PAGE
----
Neutrons!

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Garrett Young
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Re: Neutrons!

Post by Garrett Young » Thu Mar 30, 2017 1:59 am

Interesting. Thank you for sharing. I'll have to read more about their device.

Part of choosing the dimensions for my device was making sure child-langmuir space charge didn't limit the ion beam current.
- Garrett

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Garrett Young
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Re: Neutrons!

Post by Garrett Young » Tue Apr 04, 2017 3:01 am

Attempted a gamma spec of Indium (background removed). The signal to noise isn't great but that's probably due to the short activation time and low neutron numbers. In addition, it seems the detector is more sensitive to lower energy gammas. Does that make sense for a NaI crystal? Can Theremino MCA be calibrated for this variation in sensitivity using the energy equalizer?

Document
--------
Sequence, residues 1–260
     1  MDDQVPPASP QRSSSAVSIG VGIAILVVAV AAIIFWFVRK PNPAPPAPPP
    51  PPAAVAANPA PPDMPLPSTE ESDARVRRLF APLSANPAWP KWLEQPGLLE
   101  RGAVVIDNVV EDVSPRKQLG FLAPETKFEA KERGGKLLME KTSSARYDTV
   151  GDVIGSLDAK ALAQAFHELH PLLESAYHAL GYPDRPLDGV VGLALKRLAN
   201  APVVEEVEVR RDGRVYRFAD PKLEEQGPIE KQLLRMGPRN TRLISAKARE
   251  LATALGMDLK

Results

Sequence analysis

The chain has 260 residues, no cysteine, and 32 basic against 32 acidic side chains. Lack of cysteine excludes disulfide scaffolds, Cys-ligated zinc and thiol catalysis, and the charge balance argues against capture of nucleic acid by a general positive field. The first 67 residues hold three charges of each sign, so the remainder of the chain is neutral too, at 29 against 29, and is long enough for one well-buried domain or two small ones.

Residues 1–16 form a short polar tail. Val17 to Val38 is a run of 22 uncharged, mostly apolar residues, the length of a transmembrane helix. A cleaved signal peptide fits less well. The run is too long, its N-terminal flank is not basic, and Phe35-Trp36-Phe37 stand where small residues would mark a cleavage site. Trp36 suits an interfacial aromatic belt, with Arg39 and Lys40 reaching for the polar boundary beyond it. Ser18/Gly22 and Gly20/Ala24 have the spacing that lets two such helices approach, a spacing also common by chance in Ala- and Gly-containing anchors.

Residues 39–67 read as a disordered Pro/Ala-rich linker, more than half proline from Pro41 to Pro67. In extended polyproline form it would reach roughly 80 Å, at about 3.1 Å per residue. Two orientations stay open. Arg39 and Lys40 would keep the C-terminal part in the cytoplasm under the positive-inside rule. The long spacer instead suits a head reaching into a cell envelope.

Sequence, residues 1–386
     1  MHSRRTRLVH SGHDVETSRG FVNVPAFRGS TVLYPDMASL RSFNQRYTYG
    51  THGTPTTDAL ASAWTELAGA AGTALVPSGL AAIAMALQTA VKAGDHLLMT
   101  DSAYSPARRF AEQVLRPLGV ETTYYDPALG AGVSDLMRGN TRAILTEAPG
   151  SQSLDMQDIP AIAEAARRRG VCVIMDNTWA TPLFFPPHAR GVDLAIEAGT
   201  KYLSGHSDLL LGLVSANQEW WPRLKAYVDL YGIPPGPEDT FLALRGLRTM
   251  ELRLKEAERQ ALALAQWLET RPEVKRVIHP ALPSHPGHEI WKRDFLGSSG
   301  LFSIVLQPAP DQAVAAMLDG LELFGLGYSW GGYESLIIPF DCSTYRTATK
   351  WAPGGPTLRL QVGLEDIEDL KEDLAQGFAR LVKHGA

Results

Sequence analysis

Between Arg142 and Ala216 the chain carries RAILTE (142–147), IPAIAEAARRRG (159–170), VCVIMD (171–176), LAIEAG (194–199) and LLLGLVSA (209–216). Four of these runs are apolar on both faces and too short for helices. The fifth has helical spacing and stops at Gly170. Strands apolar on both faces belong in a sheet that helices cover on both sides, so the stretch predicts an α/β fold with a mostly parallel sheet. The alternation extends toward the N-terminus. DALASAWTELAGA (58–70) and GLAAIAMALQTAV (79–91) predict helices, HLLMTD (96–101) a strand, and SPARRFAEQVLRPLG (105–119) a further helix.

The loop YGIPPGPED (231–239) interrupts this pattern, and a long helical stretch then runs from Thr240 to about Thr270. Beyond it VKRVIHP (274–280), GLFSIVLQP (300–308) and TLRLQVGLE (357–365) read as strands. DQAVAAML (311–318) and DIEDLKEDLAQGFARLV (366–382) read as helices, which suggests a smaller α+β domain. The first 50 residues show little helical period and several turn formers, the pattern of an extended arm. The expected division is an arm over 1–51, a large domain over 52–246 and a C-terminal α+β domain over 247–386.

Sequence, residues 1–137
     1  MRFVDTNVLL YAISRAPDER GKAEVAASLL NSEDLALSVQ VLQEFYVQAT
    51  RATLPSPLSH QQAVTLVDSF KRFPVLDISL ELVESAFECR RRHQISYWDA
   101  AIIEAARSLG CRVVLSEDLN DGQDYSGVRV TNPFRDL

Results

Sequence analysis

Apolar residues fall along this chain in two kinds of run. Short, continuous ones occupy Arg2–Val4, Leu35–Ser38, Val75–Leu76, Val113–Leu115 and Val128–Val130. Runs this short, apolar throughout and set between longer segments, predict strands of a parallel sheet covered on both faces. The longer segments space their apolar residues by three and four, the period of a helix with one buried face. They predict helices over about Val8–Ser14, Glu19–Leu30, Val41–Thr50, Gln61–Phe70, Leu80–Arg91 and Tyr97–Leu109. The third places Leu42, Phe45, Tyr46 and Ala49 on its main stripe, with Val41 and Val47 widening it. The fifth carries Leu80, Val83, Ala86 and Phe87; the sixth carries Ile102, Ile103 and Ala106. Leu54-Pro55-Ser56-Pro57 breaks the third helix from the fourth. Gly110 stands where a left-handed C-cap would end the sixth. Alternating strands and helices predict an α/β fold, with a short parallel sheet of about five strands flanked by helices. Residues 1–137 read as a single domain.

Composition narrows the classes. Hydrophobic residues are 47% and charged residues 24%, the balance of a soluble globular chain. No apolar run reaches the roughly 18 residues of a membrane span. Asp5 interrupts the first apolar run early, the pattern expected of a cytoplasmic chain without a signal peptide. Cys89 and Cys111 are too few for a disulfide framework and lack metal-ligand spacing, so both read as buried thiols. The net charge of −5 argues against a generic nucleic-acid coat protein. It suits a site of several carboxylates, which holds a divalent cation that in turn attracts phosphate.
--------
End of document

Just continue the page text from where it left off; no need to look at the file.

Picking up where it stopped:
ThereminoMCA_20170403_In.png
- Garrett

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Richard Hull
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Re: Neutrons!

Post by Richard Hull » Wed Apr 05, 2017 7:46 am

The lower end of NaI:Tl xtals are always a noise fest, as the background is a mix of low energy gammas, xrays and weakened cosmic interactions with local matter. The only thing you can background out are terrestrial NORM signals as they are present and rather constant. Random cosmic interactions are not so easy. Depending on the crystal size, low energy stuff, (noise in low energy end), is 100% captured in the xtal and makes a flash. Lots of clutter under 50kev and only a strong source will push out of it enough to be seen easily. Log mode energy display will often assist, but you will never have sharp peaks from and NaI:Tl crystal.